From Publishers Weekly
Laxness, Iceland's best-known fiction writer and winner of the 1955 Nobel Prize for literature, authored well over 60 novels and other books before his death in 1998 at the age of 90. This lyrical novel, first published in English in 1966 (nine years after its original publication in Iceland), concerns a boy named Alfgr¡mur Hannson of Brekkukot, the humble fishing cottage where he is raised by adoptive grandparents. The novel's plot--if so formal a term may be used to describe the tale's slow and meandering progress through Alfgr¡mur's uneventful youth--involves an Icelandic singing star known as Gardar H¢lm. All Iceland, except for H¢lm's own mother and the folks at Brekkukot, dote on H¢lm because of his international reputation for performing lieder. Yet few have ever heard him sing--the beloved H¢lm is growing old and he is mysteriously elusive. Young Alfgr¡mur may also be a gifted singer, and he tracks H¢lm down assiduously. Once he finds him, however, he learns that singing is only one way of seeking "the one true note"--and he who has heard that note never sings again. Laxness portrays the backwardness of turn-of-the-century Iceland with gentle humor and irony. Tiny Iceland needs its "singing fish"--celebrities like Gardar H¢lm, and perhaps Alfgr¡mur Hannson--but the moral of Laxness's lovely fable references a simpler sentiment: glory may just as well be sought in the humblest walks of life.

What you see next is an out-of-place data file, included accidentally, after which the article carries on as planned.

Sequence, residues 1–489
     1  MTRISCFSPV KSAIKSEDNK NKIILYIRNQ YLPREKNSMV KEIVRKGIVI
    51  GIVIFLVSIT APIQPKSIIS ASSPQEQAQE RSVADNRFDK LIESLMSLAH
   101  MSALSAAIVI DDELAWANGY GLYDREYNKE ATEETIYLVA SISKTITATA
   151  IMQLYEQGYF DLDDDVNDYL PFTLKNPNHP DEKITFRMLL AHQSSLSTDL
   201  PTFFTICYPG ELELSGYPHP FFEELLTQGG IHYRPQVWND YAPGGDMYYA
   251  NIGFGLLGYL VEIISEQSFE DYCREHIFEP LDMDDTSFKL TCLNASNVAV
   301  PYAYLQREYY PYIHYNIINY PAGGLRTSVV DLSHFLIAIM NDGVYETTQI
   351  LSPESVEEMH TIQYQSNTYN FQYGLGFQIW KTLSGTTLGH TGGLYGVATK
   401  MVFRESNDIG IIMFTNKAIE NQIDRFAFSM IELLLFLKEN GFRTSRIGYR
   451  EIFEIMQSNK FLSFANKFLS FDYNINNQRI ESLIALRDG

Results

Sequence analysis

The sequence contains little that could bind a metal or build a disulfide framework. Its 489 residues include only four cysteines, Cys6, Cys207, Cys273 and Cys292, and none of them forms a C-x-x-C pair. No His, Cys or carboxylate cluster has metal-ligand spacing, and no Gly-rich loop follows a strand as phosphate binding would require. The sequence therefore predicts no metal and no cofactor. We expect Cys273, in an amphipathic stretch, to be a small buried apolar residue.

Copyright 2001 Cahners Business Information, Inc.
--This text refers to an out of print or unavailable edition of this title.
"A poet's imagination and a poet's gift." --The New York Times
"[Laxness] is a poet who writes to the edge of the pages, a visionary who allows us plot: he takes a Tolstoyan overview, he weaves in an Evelyn Waugh-like humour: it is not possible to be unimpressed." --Fay Weldon, The Daily Telegraph